Donald Dewar, the father of Scottish devolution, would be dismayed by what it's become – Brian Wilson
Twenty years ago today I was in Maribor, second city of Slovenia. UK ministers had been dispatched to exude goodwill to states which were about to join the EU.
Strolling care-free from castle into square on a golden autumn day, I was met by grim-faced officials. Donald Dewar had suffered a brain haemorrhage and was unlikely to survive.
It is a moment etched on memory because for decades Donald had been part of our family’s life. We were one of the safe houses where he was fed and watered before returning to his solitary quarters in Glasgow’s west end.
In return, Donald provided gossip, hilarity and gloom around great and trivial issues of the day. The Labour Party’s absurdities formed his specialist subject. He was kind, clever and funny. Our children remember him fondly.
Donald had been loyal to my own ad hoc political career, presenting himself in places where Labour votes were collectors’ items. In return, he harvested a feast of anecdotes to dine out on. When I finally got serious and became an MP, he put me on Labour’s front-bench.
Our differences on devolution were largely subsumed in the Thatcher years. When Donald was lauded as godfather of the Scottish Parliament, he responded that it had only one god-parent and that was Margaret Thatcher.
In other words, the insensitivity of her reign made it inevitable because a consensus developed that Scotland should never again be exposed to the full rigours of a government it had not voted for. As a democrat, I accepted that while retaining a less optimistic view of likely consequences.
We had seen less of Donald since devolution kicked in. His health was in decline. He was surrounded by advisers. What should have been halcyon days for the politician who, unarguably, delivered what he promised turned into a nightmare of petty controversies.
If I had to pick two images of Donald from the mind’s eye, one would feature a rugged hand-knitted jumper presented when he visited a community co-operative in Lewis and still on his back 20 years later. Donald did not do fashion.
The other has him alongside the Queen at the opening of Holyrood, the picture of happiness and ambition fulfilled. I suspect it was one of his last cheerful moments in the job he was born for, as the realities of what he had created closed in.
A bastion of democracy
Donald was dismayed by the ease with which parts of the Scottish media which had cheer-led for devolution turned against it at the earliest opportunities. Holyrood was never given a chance to find its feet and he spent the last 18 months of his life fighting a tide of negativity.
While there may have been lofty hopes for Holyrood to become a bastion of the democratic intellect, there was always a higher probability of it turning into a too-cosy club with insufficient scrutiny. When one looks at what is going on just now, there is little doubt about how that balance has tipped.
If Donald had tried to set up a daily press event, which did not allow follow-up questions, the collective Scottish media would have told him to take a ride. Of course, he would never have dreamt of it but that was 20 years ago.
This week saw a master-class in news management – days of fan-dancing by Ms Sturgeon about what she would or would not ban. On Wednesday, the Murrell admission was slipped into the public domain via a friendly newspaper. A blind man in a hurry could see what was going on.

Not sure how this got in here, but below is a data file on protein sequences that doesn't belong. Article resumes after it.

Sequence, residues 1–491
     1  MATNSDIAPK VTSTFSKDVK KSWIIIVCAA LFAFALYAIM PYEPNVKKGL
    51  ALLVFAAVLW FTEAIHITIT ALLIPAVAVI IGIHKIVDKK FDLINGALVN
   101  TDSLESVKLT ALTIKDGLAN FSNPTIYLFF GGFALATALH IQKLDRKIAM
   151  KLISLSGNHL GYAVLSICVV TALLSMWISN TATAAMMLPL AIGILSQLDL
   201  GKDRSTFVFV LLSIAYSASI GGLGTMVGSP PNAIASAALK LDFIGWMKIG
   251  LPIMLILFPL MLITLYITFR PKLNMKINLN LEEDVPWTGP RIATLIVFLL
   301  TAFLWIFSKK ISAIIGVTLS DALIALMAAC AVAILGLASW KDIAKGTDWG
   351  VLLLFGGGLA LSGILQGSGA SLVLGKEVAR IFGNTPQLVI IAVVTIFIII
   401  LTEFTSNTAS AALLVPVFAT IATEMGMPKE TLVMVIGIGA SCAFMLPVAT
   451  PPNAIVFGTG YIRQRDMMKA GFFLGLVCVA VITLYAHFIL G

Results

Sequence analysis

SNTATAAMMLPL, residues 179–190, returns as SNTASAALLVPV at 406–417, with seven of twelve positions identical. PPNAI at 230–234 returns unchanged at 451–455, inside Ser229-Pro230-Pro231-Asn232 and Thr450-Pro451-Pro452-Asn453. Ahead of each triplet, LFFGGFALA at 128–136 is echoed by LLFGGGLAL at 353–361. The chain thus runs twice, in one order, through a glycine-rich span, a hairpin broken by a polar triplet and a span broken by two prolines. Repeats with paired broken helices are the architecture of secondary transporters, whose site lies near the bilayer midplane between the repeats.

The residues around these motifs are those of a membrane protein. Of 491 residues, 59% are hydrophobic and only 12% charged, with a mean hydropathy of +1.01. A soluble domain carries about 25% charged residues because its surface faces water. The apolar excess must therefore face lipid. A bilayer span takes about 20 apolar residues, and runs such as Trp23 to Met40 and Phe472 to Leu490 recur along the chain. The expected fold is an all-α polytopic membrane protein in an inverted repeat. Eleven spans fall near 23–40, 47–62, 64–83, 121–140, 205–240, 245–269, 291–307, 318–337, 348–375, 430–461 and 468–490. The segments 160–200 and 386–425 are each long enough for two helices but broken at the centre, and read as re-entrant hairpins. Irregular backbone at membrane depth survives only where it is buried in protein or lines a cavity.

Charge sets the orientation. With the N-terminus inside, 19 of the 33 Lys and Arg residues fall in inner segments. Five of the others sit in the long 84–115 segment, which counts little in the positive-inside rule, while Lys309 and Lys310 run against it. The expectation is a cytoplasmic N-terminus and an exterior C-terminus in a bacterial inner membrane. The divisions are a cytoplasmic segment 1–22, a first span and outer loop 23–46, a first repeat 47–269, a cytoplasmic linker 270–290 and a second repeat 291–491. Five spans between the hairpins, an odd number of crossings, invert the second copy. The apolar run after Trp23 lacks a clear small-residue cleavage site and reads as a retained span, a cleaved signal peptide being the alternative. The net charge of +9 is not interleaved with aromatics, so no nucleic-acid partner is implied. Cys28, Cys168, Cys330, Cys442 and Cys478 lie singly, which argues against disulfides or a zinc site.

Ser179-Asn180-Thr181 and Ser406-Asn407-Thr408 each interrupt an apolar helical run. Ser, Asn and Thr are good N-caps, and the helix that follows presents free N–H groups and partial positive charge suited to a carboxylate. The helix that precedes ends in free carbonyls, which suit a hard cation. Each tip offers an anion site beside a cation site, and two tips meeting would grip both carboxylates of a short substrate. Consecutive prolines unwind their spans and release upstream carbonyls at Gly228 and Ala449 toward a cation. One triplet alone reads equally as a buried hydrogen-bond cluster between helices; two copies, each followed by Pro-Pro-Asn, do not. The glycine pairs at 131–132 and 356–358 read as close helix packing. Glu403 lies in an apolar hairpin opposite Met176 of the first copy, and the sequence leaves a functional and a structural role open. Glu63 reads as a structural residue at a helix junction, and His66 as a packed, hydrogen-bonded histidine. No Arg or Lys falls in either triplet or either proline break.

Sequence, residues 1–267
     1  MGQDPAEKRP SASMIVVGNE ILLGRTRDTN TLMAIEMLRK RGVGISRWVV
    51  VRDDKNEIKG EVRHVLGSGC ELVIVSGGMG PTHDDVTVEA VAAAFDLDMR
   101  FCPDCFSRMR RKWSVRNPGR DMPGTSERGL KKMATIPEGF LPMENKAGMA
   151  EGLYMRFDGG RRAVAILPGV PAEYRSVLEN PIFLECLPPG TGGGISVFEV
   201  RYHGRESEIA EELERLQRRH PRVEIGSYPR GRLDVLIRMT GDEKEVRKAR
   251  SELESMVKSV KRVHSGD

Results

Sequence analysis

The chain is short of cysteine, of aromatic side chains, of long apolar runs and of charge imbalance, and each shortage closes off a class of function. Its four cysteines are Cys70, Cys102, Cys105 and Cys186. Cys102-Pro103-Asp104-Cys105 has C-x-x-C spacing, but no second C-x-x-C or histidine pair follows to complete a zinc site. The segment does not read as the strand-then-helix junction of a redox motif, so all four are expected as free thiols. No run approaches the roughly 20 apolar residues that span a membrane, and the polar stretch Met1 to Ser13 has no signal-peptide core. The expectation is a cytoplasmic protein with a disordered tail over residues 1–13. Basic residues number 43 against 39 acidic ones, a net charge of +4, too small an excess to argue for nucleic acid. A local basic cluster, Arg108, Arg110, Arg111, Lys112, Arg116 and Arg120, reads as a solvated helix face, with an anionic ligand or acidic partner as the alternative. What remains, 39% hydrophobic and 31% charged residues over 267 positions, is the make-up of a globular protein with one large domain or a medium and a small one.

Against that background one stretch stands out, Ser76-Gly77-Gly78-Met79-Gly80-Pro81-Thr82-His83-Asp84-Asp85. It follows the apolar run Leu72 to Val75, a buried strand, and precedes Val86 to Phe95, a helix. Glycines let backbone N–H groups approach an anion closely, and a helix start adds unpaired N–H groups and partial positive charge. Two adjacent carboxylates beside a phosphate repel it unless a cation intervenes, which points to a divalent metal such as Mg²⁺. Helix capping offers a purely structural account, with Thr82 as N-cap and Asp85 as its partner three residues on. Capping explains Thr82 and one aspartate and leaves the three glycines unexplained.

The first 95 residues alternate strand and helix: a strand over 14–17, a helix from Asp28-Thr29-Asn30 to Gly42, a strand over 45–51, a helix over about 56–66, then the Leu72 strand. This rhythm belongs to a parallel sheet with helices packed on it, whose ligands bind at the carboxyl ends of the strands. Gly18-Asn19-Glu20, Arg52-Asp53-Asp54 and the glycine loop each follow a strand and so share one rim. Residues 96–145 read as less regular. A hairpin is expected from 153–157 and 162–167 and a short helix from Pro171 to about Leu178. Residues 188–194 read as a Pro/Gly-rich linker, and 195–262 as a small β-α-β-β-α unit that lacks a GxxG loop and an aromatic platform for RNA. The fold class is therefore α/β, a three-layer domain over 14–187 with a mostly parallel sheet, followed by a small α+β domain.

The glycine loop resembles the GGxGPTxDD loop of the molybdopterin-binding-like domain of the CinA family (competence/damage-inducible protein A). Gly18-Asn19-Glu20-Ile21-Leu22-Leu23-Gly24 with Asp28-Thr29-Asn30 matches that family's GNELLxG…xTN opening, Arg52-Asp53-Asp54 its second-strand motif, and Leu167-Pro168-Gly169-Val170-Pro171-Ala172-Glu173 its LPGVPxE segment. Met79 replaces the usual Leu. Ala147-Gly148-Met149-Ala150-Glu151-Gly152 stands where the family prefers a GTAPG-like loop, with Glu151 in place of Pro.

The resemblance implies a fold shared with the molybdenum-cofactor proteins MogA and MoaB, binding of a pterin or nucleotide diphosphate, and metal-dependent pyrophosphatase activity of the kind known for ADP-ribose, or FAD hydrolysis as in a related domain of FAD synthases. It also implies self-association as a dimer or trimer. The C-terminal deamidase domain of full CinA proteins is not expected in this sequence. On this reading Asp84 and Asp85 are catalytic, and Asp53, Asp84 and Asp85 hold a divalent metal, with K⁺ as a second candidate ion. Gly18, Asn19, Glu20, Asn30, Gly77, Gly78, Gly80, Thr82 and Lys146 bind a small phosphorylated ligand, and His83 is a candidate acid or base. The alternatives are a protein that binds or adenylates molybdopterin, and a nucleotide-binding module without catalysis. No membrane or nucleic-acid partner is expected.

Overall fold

Yet that day’s news bulletins contained no reference to the extraordinary confirmation that the chief executive of the SNP and husband of the First Minister, had urged a political colleague to pressurise Police Scotland to act in pursuit of a political objective.
That contrast with the breathless coverage about very little which made Donald’s declining days a misery perhaps symbolises the biggest change in 20 years of Scottish politics. It was scarcely the intended outcome.
Mediocre and ineffectual
How would Donald view his legacy? I guess he would be quietly pleased that Holyrood has become an established part of the national furniture but it is difficult to see much else he would be celebrating.
The quality of debate, which he loved, is mediocre. The committee system in which so much trust was placed is ineffectual. The Parliament, as we have seen during the pandemic, is by-passed by an executive with more regard for its own profile than democratic niceties.
He would be dismayed – if not entirely surprised – that far from representing “the settled will of the Scottish people”, Holyrood reflects even more sterile division about the constitution. I think he hoped, rather than believed, it might be otherwise.
But Donald’s political interest was not only in the constitution. Far from it. His greatest disappointment, as it should be for us all, would lie in how little the inequalities which characterise our society have been challenged or changed.
A car took me from Maribor to Vienna and on the plane home, I wrote an obituary, which perhaps stands the test of time: “Criticism and argument were meat and drink to him. But he was hurt and bewildered as Scotland became a goldfish bowl in which every grievance, real or imagined, was magnified out of all rational proportion.
“He came back from major heart surgery far too soon, for reasons inherent in his dominance of Scottish politics. He had become indispensable… But now he has been dispensed with and the political life of Scotland will go on – less stylishly, less intelligently, less decently, but it will go on.”
That seems a fair description of where we still are – and from where we need to progress.
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